Simon Jackson
Legal Advisor to Torah Mitzion


What happens when these two values contradict each other? How will the Israeli courts decide between them?

“Ask your father and he will relate it to you, and your elders and they will tell you” (Devarim 32:7)

Until the year 1980, when a particular situation was not fully covered by the existing Israeli law, the principles of British law would be used to fill the gap created.

In 1980, a revolutionary law was passed by the Israeli Knesset – the Foundations of Law Act. This stated that where a judge is faced with a legal question requiring decision, to which he finds no answer in statute law, judicial precedent or analogy: “…he shall decide it in light of the principles of freedom, justice, equity and peace of the Jewish heritage.”

Over the coming weeks, we will discuss a number of pieces of Knesset legislation and case law (rules developed by judges to deal with the case before them), in which recourse to Jewish Law has been made by members of the Knesset in making laws in the modern State of Israel or by judges in applying and interpreting such laws.

In the year 1992, two special laws were passed by the Knesset relating to human rights (‘Basic Law: Human Dignity and Liberty’ and ‘Basic Law: Freedom of Occupation’).

The Basic Law on Human Dignity and Liberty protects Jewish values and elevates these to basic values. These include: the protection of life, body, property and dignity of a person; and a person’s right to privacy. These values, which the Torah has recognized and protected from time immemorial, are acknowledged by most countries in the world. The value of ‘human dignity’ (kevod habriot) is already mentioned by the Talmud as a constitutional value which can even override other values. The Talmud states: ‘Great is human dignity for it pushes off a negative commandment in the Torah’ (Berakhot 19b).

No less important is the determination contained in the preamble to both these Basic Laws which makes clear that: “The purpose of this Basic Law is to protect human dignity and liberty, in order to anchor in a Basic Law the values of the State of Israel as a Jewish and democratic state” (my emphasis).

And of immense significance is the provision that “None of these rights may be violated, except by a Law befitting the values of the State of Israel…”

According to this provision, Laws of the Knesset must befit the values of the State of Israel as a Jewish and democratic state – otherwise they can be struck down by the courts! Moreover, the courts themselves must take account of Jewish values when resolving legal-ethical questions which come before them. For example, in 1981 the court ruled that active euthanasia (‘mercy killing’) was illegal, because it negated the values of the State of Israel as a Jewish state (Yael Shefer v. The State of Israel).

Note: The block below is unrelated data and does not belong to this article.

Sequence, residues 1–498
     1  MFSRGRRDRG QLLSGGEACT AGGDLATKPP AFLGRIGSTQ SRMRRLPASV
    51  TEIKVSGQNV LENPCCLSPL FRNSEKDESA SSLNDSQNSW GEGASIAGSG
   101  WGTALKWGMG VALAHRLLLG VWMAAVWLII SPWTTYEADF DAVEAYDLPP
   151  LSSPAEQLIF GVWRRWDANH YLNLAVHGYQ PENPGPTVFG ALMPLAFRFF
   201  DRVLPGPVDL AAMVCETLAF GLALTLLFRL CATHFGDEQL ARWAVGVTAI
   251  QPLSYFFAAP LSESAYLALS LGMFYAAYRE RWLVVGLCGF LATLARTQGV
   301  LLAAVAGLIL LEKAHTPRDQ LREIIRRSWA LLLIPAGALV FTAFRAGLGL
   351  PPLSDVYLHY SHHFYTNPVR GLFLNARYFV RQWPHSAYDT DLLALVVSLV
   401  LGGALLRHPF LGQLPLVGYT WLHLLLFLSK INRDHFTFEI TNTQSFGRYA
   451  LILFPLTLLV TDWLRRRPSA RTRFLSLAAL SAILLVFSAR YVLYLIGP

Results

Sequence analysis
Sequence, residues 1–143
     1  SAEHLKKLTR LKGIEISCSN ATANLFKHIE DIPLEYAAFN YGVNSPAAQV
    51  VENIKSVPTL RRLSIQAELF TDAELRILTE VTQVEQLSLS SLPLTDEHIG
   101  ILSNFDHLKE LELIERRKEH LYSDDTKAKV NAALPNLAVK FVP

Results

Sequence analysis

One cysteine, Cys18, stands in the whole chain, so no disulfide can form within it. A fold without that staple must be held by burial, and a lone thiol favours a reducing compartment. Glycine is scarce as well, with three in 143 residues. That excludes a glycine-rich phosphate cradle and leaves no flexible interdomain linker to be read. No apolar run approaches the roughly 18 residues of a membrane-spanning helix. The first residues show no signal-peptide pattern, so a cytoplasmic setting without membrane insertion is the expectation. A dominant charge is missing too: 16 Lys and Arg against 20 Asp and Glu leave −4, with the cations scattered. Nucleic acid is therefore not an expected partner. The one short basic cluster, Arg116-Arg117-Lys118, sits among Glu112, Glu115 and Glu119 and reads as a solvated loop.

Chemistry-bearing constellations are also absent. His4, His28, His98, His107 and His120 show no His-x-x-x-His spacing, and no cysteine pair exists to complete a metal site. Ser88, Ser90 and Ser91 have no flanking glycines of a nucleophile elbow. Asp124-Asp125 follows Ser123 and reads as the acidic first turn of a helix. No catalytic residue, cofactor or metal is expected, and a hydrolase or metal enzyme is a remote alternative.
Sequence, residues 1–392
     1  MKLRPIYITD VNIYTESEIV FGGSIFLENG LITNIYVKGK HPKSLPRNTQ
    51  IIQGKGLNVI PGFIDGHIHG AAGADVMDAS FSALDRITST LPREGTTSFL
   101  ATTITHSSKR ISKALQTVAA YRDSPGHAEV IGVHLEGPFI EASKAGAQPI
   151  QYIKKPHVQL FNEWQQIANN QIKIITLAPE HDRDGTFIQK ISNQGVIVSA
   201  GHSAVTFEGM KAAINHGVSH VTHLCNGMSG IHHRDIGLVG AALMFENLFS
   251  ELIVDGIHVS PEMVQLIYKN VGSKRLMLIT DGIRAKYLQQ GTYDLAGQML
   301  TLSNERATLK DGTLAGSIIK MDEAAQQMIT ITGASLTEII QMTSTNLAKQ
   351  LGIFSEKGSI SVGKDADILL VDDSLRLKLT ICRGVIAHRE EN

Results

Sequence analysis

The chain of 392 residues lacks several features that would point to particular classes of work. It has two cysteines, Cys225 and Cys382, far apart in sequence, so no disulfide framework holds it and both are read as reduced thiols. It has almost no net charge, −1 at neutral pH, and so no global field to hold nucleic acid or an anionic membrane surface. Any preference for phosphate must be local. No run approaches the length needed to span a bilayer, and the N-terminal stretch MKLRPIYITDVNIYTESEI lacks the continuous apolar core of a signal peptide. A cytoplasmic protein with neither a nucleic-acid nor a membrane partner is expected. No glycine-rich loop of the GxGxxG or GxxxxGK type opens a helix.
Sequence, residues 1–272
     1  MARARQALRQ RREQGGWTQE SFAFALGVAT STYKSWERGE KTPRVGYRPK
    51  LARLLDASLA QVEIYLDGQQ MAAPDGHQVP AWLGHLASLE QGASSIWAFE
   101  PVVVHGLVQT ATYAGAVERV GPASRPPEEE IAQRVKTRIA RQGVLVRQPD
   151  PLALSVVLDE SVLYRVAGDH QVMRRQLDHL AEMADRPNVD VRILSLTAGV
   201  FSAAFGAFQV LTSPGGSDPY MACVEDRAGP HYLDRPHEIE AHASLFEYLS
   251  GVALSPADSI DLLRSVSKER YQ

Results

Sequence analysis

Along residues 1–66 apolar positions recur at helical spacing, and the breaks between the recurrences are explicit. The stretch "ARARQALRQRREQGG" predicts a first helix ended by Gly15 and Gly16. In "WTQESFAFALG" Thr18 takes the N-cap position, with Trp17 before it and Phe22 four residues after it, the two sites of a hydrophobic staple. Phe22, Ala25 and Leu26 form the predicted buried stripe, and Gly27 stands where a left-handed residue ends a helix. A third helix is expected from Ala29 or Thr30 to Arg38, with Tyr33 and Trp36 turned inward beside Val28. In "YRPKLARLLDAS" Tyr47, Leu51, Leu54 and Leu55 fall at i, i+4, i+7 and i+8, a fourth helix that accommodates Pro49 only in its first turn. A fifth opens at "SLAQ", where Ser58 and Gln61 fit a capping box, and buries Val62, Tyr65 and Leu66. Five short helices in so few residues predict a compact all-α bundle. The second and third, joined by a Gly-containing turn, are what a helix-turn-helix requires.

Every cultured nation engages in a dialogue with the heritage of its ancestors. Even if it chooses not to accept the values and norms of previous generations, it feels (or should feel) a healthy, natural need to justify their position in relation to the heritage of their national predecessors, similar to the words of Moshe Rabbeinu: “Ask your father and he will relate it to you, and your elders and they will tell you”.

The big question that faces us, here in Medinat Yisrael, is the meaning which the courts will give to the terms “Jewish heritage,” “Jewish state” and “democratic state” and how they will reconcile these values. For example, in the case on active euthanasia, the court gave its ‘pro-Jewish Law’ ruling in light of the fact that the majority of enlightened nations also prohibited active euthanasia. How would the court decide if all other countries were to permit active euthanasia? Would the court then determine that the character of the State of Israel as a Jewish state overrides its character as a democratic state, and thus reject the approach adopted by other countries?

The answer to this significant question will determine the Jewish character of the State of Israel in the years to come.

(a) “Modern Applications of Jewish Law,” 1992, Prof N. Rakover, former Deputy Attorney-General in Jewish Law Department of Israel Ministry of Justice, pp. 6-24.

(b) “Jewish Law and Israeli Law: On the Process of Integration,” Prof N. Rakover, pp. 30-31; 39.

(c) “Who’s scared of Jewish Law?” Israel Ministry of Justice Parshat Hashavua sheet 5764 (2004), Dr. M. Wygoda, Head of Jewish Law Department in Israel Ministry of Justice.